To teens, William Shakespeare is a really old dude that died thousands of years ago. Not only that, he writes in foreign English. Who even uses words like thou, doth and footlicker? (Foot what?) Yet, in almost every high school english class Shakespeare's works are still on the required reading list. Some veteran high school teachers like Dana Dusbiber of Luther Burbank High School believes that Shakespeare is too "white and old" to reach a diverse ethnic class. Seriously, how can a multi-racial teen relate to these works? The answer is really simple. They relate because all the emotions, trials and loves of Shakespeare's world go beyond race or time. They speak to humanity as a whole. There are compelling reasons to unmask the beauty of Shakespeare then to put it out to the curb like an antique heirloom that has become trashy and outdated.
It is disturbing to say the least, that a English teacher would want her students to only read from others who are just like them. What happened to the idea that readers should be exposed to an array of authors that tell their story from a different perspectives. Ms. Dusbiber prefers that her ethnically diverse students read books from Hispanic, African and other minority authors. Her reasoning is that the authors offer better opportunities for students to learn about their culture and themselves within the pages of their works. In other words, hold up a mirror and see someone just like you. Perhaps even more frightening is she may be implying that ethically diverse teens are not capable of learning the plays? The only way to grow is to learn more about the world, not less. Students should be required to read Shakespeare from the standpoint that at least they have an exposure to the plays. If Shakespeare is not their cup of tea, so be it. However, at least they will have a familiarity of one of the famous plays.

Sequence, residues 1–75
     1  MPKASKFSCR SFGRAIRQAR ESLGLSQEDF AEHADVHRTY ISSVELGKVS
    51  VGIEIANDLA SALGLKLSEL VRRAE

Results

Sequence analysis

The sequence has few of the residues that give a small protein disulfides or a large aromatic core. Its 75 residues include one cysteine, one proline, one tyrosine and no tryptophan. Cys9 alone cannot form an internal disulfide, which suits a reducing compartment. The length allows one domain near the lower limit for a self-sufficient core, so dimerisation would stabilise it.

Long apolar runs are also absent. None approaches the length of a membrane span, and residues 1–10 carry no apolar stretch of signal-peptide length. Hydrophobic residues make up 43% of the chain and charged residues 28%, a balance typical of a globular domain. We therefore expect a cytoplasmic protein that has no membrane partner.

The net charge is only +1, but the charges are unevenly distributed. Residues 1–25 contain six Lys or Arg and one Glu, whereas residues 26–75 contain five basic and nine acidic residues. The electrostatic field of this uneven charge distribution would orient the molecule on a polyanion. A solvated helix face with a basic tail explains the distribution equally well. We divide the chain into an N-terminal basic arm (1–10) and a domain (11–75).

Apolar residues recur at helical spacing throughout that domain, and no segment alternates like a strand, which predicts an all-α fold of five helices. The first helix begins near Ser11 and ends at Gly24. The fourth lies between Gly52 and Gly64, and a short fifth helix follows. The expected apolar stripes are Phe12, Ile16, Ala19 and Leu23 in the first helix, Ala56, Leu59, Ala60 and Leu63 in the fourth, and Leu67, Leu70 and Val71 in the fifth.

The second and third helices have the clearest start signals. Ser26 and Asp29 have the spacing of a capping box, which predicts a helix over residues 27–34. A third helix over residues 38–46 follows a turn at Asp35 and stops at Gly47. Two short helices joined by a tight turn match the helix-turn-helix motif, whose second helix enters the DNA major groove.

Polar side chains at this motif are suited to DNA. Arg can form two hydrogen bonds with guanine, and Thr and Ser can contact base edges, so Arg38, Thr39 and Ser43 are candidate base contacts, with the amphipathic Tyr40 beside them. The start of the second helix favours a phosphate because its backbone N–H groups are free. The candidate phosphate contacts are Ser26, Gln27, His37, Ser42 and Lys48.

To be perfectly honest, Shakespeare may be a white dude who died 450 years ago (not thousands) but his works are timeless. The characters are just as intriguing as when they were first introduced. What bothersome about Ms. Dusbiber's blog is that she seems to be unfamiliar with the diverse characters of Shakespeare. Here's a suggestion for an ethical diverse class, read Othello. Unmask the true nature of a black man so madly in love with Desdemona and so insecure of her love for him that he allows his closest confident Iago to convince him that Desdemona is unfaithful. There are so many layers to go through here that one finds that in the end, regardless of race, as humans deep down we are the same. We cry the same way. We love passionately and sometimes jealousy gets the better of us. Does one have to be a particular race to experience any of these emotions? Not at all.
Let's not stop at Othello. In, Merchant of Venice we find even more passion, jealousy, discrimination and yes, greed. Oh what tangled webs were woven when Shylock feels that he has been cheated by a Christian community that has never welcomed him. He loans money to Antonio with the agreement that if the money is not paid back on time it will be paid back in a pound of flesh. Secretly, Shylock wants only revenge. The Christian community of Venice never welcomed him as a Jew, so Antonio must pay. Alas, Shylock loses out on this demand in the Venetian Courts. Add insult to injury he loses his beloved daughter Jessica in marriage to Lorenzo, a Christian. Again, any teen of diverse ethnic background could sympathize with anyone of these characters. If it is the language that is a barrier, then reveal the beauty of the language by using No Fear Shakespeare.
Suffice it to say, each of Shakespeare's play can be dissected and shown to be very useful in exploring raw human emotions. Even if it is from an old, dead white guy. This is not to say students couldn't learn from authors such as Maya Anglou. However, why limit the students to just one voice? Let them experience as many as they can. From every corner of the world, not just the ones that are familiar to them. Great literature lives on from age to age. That is what makes them classic and timeless. Keep Shakespeare in the classroom and in the libraries. If a teacher or librarian takes Shakespeare away from students that would be a great tragedy.